Recovery time is an important aspect of physical training and without it you are likely to eventually experience physical symptoms, such as muscle or joint damage, prolonged fatigue, and be more prone to infections. Don’t ignore physical symptoms just because you want to keep exercising: consult a physiotherapist, sport injury specialist or your GP.
If you are keen to continue exercising when you are rehabilitating from an injury, a qualified strength and conditioning coach can help you structure a routine that will allow you to repair the current damage whilst continuing with appropriate levels of physical activity.
What to do if you are concerned that you or someone you know is exercise dependent
The research does demonstrate that it is possible, although relatively rare, for some people to become dependent on exercise in ways that have a negative impact on their wellbeing. The problem is starting to receive more attention, helping psychologists understand more about how exercise dependence might develop, how to identify it, and prevention or treatment options.
If you are concerned that your exercise routine is having a negative impact on your life and preventing you from meeting other commitments, if you are experiencing feelings such as anxiety or depression when you are unable to exercise, or if other people have expressed concern that you are losing too much weight through exercise, your should seek the advice of a qualified psychologist.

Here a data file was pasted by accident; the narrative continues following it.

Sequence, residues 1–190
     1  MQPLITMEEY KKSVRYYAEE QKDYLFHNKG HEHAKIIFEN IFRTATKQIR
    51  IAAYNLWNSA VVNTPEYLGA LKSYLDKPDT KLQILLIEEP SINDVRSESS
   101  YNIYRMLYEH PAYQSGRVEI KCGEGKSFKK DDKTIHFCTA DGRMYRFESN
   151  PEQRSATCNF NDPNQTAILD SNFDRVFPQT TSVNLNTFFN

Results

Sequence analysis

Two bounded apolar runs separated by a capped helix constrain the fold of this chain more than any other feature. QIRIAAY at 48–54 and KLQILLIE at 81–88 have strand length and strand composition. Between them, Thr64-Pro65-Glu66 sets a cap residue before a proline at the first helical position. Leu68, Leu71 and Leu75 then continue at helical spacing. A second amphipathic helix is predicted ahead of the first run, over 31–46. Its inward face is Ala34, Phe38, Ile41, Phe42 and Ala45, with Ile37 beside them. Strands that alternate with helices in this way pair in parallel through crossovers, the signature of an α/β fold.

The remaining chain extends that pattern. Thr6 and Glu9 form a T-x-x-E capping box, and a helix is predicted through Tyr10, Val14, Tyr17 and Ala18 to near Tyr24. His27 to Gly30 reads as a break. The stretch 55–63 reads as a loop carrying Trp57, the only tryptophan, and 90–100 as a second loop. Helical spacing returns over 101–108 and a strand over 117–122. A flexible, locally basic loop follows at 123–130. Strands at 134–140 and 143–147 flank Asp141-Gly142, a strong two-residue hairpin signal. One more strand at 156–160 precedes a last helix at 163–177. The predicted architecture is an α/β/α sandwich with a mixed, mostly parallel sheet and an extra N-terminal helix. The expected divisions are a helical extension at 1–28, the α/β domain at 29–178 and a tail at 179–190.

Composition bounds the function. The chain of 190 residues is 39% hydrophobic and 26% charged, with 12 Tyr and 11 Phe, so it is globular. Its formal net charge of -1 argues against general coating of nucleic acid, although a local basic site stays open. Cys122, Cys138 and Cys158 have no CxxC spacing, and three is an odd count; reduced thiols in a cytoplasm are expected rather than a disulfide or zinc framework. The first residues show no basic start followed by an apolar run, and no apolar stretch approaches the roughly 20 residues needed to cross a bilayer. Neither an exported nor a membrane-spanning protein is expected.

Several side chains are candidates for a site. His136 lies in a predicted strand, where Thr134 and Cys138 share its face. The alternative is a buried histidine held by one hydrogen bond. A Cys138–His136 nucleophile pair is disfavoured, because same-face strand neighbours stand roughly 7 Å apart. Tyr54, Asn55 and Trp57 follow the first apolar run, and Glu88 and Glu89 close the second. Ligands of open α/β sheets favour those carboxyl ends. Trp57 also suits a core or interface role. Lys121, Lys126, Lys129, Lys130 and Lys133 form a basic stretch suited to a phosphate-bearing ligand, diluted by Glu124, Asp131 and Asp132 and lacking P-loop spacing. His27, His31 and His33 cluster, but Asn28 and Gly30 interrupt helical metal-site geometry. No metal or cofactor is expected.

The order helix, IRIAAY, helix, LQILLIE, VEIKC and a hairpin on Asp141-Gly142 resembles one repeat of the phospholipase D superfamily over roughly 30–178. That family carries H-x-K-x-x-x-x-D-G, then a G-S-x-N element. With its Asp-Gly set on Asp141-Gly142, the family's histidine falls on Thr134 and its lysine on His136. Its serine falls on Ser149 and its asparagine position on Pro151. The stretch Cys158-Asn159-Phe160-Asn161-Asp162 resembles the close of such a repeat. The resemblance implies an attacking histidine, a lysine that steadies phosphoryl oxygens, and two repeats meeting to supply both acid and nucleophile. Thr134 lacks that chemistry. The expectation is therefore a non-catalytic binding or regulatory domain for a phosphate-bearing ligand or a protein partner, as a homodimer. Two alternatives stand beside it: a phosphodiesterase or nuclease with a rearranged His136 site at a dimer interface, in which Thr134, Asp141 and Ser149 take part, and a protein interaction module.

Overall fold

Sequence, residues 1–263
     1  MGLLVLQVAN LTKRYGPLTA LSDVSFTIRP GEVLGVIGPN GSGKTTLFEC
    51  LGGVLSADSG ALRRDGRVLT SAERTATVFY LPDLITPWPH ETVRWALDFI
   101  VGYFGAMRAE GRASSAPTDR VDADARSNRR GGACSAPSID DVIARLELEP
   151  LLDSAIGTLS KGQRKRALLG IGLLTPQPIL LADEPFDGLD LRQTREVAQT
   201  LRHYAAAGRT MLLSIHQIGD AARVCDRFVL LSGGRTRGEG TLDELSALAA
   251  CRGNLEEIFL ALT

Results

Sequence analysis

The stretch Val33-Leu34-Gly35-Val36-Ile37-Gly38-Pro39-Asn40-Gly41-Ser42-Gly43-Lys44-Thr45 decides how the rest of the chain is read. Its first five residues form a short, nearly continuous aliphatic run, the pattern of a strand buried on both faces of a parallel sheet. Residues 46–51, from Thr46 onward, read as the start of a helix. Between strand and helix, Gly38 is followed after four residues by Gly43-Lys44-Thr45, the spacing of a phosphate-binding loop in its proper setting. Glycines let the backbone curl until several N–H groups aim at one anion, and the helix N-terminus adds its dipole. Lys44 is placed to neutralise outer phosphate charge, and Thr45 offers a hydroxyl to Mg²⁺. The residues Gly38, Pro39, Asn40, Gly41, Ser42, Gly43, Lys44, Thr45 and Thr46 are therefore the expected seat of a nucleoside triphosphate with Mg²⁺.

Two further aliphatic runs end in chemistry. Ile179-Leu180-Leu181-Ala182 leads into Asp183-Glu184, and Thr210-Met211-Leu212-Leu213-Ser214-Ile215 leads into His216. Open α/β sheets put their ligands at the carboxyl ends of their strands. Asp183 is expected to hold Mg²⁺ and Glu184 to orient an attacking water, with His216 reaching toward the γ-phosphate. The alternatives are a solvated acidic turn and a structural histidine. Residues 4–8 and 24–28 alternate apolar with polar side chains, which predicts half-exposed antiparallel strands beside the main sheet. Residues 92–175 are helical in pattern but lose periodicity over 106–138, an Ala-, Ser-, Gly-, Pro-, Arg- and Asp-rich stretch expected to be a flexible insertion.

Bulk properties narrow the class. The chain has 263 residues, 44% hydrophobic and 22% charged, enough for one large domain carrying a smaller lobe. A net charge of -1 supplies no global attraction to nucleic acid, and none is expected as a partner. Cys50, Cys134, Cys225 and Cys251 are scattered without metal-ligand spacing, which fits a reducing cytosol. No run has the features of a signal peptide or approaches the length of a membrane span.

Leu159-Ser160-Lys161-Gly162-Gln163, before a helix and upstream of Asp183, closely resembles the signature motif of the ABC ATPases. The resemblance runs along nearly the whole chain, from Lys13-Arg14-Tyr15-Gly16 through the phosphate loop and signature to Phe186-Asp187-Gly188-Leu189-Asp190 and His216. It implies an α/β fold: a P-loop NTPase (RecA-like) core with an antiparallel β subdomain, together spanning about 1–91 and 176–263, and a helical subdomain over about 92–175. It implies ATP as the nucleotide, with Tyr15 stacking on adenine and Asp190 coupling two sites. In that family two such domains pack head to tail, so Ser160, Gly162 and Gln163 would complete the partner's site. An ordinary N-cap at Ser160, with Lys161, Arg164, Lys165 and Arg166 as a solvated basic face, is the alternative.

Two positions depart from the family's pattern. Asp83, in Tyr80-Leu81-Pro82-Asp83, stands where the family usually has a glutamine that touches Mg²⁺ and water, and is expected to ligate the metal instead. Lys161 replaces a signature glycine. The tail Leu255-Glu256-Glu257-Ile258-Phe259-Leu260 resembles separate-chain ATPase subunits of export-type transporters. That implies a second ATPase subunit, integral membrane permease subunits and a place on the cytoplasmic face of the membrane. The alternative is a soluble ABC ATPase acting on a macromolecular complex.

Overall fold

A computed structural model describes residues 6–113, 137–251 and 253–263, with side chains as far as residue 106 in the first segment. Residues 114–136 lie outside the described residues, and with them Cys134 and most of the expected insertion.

Speaking with a psychologist can help you understand the extent to which exercise might be controlling your life rather than being a source of wellbeing, and explore the underlying reasons why you are exercising at such high levels. You can find a qualified psychologist at www.bps.org.uk.
About the Author
Helen O’Connor is a sport and exercise psychologist, in training with the British Psychological Society. She established her psychology consultancy in 2009 and works individually and in groups with adults and teenagers who are looking for support to make healthy lifestyle changes, such as increased physical activity.